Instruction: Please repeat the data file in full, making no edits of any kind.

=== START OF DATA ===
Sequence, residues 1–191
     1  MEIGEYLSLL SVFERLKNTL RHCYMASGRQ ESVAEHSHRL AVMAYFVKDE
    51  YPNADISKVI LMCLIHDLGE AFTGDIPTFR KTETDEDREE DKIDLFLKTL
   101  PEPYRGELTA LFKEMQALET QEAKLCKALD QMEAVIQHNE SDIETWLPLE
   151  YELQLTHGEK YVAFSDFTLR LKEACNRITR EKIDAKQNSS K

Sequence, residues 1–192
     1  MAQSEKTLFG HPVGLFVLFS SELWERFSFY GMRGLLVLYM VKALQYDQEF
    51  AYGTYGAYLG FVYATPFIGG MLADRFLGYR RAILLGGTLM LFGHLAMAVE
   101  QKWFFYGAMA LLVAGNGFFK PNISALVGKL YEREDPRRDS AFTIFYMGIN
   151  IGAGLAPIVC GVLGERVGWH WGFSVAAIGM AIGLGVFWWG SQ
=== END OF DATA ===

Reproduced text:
Sequence, residues 1–191
     1  MEIGEYLSLL SVFERLKNTL RHCYMASGRQ ESVAEHSHRL AVMAYFVKDE
    51  YPNADISKVI LMCLIHDLGE AFTGDIPTFR KTETDEDREE DKIDLFLKTL
   101  PEPYRGELTA LFKEMQALET QEAKLCKALD QMEAVIQHNE SDIETWLPLE
   151  YELQLTHGEK YVAFSDFTLR LKEACNRITR EKIDAKQNSS K

Sequence, residues 1–192
     1  MAQSEKTLFG HPVGLFVLFS SELWERFSFY GMRGLLVLYM VKALQYDQEF
    51  AYGTYGAYLG FVYATPFIGG MLADRFLGYR RAILLGGTLM LFGHLAMAVE
   101  QKWFFYGAMA LLVAGNGFFK PNISALVGKL YEREDPRRDS AFTIFYMGIN
   151  IGAGLAPIVC GVLGERVGWH WGFSVAAIGM AIGLGVFWWG SQ